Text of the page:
Their busy buzzing supplies the soundtrack to our summer – and by spotting them I’ve found a fresh sense of inner peace
Lockdown started, or reignited, a love of nature in many people. The RSPB reported a 70% increase in visitors to its website during the first lockdown. This came as no surprise to me; stuck at home, without the usual distraction of social engagement, my interest in nature grew. During the winter, I would look up into leafless trees trying to locate a bird whose loud call I could clearly hear. I even bought myself a pair of binoculars so I could acquaint myself with some of the local avian population.
But now I have a new hobby. As the warmer weather slowly arrives, I have been lowering my gaze towards the stirring flower beds and roadside verges, as well as rustling in the undergrowth in the hope of spotting my favourite insects. On a sunny day, there’s nothing better than sitting quietly by a patch of swaying flowers or under a blossoming tree to listen for the tell-tale sign of buzzing. This quintessential sound of summer connects me to the seasons and the natural world, even in the inner city, and fills me with joy. It is also a welcome break from staring at a screen all day. I wait peacefully, in anticipation and excitement of seeing different types of bees.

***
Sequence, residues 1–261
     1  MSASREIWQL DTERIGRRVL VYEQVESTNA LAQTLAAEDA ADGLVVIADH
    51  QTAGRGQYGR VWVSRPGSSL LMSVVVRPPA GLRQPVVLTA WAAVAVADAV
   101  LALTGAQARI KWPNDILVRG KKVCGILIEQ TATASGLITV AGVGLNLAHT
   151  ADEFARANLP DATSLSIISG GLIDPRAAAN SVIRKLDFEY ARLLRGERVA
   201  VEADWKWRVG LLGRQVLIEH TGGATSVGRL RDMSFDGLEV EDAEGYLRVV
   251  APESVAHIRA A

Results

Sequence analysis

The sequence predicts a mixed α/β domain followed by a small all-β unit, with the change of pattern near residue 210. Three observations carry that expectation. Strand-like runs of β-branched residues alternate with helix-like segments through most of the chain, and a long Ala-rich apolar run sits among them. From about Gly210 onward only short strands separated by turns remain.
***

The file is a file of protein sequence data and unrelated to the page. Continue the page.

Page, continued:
Bees act as a crucial romantic go-between for much of our flora
I have launched a newsletter with tips for identifying bees and how to help them